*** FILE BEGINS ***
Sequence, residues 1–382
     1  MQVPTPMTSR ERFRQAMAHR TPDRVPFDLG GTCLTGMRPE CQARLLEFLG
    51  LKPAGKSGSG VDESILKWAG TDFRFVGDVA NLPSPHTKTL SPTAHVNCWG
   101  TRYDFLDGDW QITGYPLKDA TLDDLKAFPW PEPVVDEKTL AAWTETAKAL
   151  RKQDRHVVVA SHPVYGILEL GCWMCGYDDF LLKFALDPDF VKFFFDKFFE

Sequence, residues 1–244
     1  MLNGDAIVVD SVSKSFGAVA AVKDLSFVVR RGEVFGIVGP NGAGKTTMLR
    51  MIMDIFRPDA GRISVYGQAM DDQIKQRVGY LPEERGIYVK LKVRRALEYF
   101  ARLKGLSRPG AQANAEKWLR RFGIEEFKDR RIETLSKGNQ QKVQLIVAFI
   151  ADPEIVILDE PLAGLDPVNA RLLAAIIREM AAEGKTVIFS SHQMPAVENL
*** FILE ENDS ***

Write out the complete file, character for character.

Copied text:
Sequence, residues 1–382
     1  MQVPTPMTSR ERFRQAMAHR TPDRVPFDLG GTCLTGMRPE CQARLLEFLG
    51  LKPAGKSGSG VDESILKWAG TDFRFVGDVA NLPSPHTKTL SPTAHVNCWG
   101  TRYDFLDGDW QITGYPLKDA TLDDLKAFPW PEPVVDEKTL AAWTETAKAL
   151  RKQDRHVVVA SHPVYGILEL GCWMCGYDDF LLKFALDPDF VKFFFDKFFE

Sequence, residues 1–244
     1  MLNGDAIVVD SVSKSFGAVA AVKDLSFVVR RGEVFGIVGP NGAGKTTMLR
    51  MIMDIFRPDA GRISVYGQAM DDQIKQRVGY LPEERGIYVK LKVRRALEYF
   101  ARLKGLSRPG AQANAEKWLR RFGIEEFKDR RIETLSKGNQ QKVQLIVAFI
   151  ADPEIVILDE PLAGLDPVNA RLLAAIIREM AAEGKTVIFS SHQMPAVENL